Practicing Nurse Evidence-Based Practice Fellows share their outstanding work
Five members of the current cohort of the Practicing Nurse Evidence-Based Practice Fellowship recently shared details of the incredible work they have been performing at Michigan Medicine!
The fellowship is a year-long program that provides an opportunity for practicing nurses to take a clinical idea through the evidence-based practice process with support and guidance provided by university experts. It is composed of a mixture of classroom education, self-learning and dedicated work time. Content covered in the fellowship includes: finding, critiquing, and synthesizing research articles; implementation strategies to ensure success; and methods for evaluation.
The nurses selected for the fellowship are supported by a mentor, their unit/local leadership, individuals from the Research and Translation Committee (including a health system librarian), and other nursing and institutional groups as needed.
Here is a brief rundown of each of the nurse’s projects:
Deanna Ames, R.N., M.S.N., oncology acute care
In my quality improvement project, I looked at non-pharmacological interventions to chemotherapy associated nausea. There are many effective anti-emetics that are readily available for our oncology population, but I wanted to find an effective non-pharmacological therapy. One of my main goals of my project was to lower the amount of rescue anti-emetics we’re using in our patient population. There are many side effects of anti-emetics so I wanted to find something that was safe yet effective at the same time. Peppermint inhalers are now readily available on 8A as a non-pharmacological intervention for nausea. In the future, I hope to collect more data along with trying the peppermint inhalers with post-operative patients.
Amanda Dear, R.N., R.N.C., N.I.IC., Brandon NICU
Phototherapy and developmental positioning for premature babies are no longer exclusive goals in the Neonatal ICU. This QI project has demonstrated that it is possible to maintain appropriate containment while delivering adequate phototherapy to premature neonates.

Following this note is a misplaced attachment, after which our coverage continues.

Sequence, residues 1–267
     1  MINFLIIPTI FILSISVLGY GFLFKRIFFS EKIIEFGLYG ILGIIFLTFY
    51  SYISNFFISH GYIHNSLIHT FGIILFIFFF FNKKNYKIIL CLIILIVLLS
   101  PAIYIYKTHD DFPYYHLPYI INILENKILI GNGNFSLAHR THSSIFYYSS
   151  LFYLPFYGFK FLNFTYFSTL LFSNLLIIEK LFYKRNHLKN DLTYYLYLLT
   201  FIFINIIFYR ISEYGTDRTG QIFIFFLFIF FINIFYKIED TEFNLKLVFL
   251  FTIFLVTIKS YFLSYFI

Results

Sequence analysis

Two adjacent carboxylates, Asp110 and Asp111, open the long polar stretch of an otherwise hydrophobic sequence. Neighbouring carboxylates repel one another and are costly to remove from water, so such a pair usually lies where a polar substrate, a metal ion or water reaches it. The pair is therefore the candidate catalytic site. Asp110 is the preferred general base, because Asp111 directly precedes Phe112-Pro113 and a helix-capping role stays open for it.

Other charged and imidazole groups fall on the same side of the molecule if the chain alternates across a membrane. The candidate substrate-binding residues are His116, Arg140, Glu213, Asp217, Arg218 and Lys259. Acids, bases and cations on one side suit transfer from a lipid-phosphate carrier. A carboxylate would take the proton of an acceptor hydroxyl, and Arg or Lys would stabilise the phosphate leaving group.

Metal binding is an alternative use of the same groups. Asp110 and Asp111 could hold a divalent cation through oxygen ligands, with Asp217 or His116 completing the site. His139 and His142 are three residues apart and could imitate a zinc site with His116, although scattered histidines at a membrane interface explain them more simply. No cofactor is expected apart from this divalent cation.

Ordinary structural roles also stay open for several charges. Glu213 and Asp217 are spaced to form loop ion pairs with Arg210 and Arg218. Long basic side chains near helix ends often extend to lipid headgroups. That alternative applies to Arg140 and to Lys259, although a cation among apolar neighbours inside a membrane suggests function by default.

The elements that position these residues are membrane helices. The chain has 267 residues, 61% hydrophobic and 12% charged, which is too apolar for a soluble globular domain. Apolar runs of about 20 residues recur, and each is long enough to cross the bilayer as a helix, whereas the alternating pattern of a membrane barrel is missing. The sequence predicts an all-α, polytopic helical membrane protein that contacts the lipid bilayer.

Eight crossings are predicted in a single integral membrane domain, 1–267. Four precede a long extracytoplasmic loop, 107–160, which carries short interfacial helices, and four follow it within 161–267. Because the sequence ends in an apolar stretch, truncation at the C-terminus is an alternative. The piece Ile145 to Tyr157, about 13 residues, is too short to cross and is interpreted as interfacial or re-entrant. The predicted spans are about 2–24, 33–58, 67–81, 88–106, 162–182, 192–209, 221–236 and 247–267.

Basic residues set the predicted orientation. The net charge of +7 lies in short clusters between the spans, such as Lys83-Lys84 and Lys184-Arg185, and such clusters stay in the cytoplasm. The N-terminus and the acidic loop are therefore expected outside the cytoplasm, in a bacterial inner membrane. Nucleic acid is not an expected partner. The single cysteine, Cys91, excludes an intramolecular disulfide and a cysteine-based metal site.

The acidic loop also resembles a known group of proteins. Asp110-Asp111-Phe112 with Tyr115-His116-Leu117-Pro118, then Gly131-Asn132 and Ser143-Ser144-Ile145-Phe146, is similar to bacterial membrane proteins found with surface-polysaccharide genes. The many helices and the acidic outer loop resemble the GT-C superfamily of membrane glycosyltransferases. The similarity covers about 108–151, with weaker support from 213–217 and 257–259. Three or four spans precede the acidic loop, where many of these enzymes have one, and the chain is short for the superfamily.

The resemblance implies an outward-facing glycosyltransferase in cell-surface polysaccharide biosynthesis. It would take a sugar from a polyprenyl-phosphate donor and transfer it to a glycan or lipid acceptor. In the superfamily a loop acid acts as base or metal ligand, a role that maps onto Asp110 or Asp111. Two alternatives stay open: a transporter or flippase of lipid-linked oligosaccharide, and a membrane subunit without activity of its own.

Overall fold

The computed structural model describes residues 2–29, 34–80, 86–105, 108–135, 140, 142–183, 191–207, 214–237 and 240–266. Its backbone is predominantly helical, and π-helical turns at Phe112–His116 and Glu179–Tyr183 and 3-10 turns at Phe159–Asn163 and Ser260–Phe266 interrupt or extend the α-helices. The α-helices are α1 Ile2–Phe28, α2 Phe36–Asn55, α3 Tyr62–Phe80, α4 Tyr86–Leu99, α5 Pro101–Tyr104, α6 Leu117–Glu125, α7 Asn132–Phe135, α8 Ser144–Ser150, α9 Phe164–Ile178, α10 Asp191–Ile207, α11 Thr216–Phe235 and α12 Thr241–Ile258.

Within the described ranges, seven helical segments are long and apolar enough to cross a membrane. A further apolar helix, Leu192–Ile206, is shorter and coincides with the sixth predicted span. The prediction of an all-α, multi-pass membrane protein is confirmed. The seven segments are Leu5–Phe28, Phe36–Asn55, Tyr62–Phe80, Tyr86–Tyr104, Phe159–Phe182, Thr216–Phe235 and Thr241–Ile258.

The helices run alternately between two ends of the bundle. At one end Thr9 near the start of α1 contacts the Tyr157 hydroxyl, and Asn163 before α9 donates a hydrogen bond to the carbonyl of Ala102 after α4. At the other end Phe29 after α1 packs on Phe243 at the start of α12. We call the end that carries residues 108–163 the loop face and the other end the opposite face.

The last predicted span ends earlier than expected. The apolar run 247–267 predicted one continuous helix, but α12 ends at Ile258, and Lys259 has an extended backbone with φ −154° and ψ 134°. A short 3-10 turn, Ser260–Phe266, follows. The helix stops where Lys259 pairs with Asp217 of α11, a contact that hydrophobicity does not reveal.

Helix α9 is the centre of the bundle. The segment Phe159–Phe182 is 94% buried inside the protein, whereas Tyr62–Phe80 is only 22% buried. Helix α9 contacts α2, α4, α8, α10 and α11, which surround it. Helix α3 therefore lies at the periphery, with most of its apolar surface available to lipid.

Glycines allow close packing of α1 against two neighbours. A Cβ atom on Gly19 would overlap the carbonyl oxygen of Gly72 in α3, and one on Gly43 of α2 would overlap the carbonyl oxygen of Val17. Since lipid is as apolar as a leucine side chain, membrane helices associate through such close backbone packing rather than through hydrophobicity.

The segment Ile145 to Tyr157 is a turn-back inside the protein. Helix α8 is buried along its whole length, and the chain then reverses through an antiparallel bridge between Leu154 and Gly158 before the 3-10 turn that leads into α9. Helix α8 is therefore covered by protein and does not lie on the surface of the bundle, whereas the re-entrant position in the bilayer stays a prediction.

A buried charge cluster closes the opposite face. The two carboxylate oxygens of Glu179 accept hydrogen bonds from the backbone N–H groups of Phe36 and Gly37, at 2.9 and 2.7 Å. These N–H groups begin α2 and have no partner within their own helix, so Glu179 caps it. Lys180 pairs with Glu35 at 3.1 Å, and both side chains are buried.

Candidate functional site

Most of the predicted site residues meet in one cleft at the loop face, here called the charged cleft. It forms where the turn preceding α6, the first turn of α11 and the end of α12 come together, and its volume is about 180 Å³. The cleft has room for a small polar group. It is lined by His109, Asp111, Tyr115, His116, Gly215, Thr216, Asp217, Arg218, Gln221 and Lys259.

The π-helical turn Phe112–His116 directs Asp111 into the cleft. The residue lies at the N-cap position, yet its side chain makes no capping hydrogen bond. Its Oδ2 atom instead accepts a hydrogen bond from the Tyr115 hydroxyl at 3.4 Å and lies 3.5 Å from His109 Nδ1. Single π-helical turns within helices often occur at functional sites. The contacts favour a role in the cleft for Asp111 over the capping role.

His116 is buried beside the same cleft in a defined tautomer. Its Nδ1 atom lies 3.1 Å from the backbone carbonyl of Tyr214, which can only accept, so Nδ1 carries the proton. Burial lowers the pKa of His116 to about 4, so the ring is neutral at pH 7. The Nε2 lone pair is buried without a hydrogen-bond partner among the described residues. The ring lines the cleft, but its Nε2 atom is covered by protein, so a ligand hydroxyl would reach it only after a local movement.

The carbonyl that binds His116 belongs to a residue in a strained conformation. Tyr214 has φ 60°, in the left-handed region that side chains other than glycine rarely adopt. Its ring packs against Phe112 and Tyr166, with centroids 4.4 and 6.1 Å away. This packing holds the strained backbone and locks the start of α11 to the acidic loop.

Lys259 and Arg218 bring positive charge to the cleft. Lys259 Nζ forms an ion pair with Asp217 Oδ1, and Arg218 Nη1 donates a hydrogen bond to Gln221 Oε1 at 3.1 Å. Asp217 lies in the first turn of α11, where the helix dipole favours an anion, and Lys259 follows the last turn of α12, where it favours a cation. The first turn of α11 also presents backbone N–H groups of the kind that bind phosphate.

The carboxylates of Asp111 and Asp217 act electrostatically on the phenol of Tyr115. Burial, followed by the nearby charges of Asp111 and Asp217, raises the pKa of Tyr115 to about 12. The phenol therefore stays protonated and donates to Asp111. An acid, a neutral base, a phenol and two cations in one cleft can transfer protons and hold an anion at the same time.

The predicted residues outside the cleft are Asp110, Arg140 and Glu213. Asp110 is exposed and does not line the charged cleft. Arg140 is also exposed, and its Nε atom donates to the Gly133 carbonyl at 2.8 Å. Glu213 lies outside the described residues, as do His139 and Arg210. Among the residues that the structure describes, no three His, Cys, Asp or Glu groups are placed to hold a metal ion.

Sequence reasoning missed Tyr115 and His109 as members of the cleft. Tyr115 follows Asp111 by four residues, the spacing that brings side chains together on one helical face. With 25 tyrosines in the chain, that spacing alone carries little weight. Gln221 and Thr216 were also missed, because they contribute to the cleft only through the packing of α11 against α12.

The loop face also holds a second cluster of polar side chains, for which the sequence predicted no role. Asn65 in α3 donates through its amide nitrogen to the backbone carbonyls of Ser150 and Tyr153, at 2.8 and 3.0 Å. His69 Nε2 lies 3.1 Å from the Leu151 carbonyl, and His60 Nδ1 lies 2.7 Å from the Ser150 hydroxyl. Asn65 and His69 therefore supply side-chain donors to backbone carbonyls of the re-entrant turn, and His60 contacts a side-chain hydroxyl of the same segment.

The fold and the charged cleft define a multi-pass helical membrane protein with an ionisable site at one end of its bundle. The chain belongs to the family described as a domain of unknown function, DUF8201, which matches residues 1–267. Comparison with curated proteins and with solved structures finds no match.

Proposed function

Brianne Hyde, R.N., B.S.N., RNC-OB, Birth Center
National organizations support the use of intermittent auscultation (IA) in low risk women. Increasing interdisciplinary team comfort with IA is a way to support physiologic birth, reduce the cesarean section rate, and follow national standards. Nurses and providers were assessed pre and post education roll out on their comfort around using IA. Education was rolled out to nurses and providers as well as documentation changes for easier ordering and charting. A reference sheet was also made for providers. The work with allowing low risk women the option of IA during birth, coincides with work being done with the Obstetric Initiative, both having the goal of decreasing cesarean birth rates.
Hallie O’Branovic, M.S.N., APRN, NP-C, allergy and clinical immunology
This project is about optimizing learner comprehension to empower families caring for children with atopic dermatitis (eczema). Eczema is a skin condition that will fluctuate in severity often requiring a variety of treatments depending on skin appearance. Families/ caregivers often find it difficult to understand when to step up and step down therapy for eczema skin care. This project evaluated the use of an Eczema Action Plan to see if families found it helpful and to see if skin improved with the use of an action plan.
Michelle Stanley, R.N., B.S.N., PMH-BC, psych emergency services
This evidence-based practice project will help manage aggression with children with Autism in the Emergency room and help Michigan Medicine with the care of children with Autism.